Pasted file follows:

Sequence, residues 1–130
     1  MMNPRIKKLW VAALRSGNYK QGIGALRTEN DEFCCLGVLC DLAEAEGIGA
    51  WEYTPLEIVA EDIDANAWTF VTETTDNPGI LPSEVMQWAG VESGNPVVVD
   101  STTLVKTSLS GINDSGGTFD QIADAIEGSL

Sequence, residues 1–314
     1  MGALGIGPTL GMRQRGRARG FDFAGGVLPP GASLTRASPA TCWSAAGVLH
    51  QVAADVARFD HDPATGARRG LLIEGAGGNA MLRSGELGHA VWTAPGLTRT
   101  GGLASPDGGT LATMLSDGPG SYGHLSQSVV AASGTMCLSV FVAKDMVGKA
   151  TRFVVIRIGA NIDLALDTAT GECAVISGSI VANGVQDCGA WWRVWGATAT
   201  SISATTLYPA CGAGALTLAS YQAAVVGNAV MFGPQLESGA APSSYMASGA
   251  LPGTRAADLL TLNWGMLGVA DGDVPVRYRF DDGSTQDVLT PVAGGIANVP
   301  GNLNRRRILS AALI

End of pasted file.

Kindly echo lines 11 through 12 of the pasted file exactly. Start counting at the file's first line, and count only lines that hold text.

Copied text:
   251  LPGTRAADLL TLNWGMLGVA DGDVPVRYRF DDGSTQDVLT PVAGGIANVP
   301  GNLNRRRILS AALI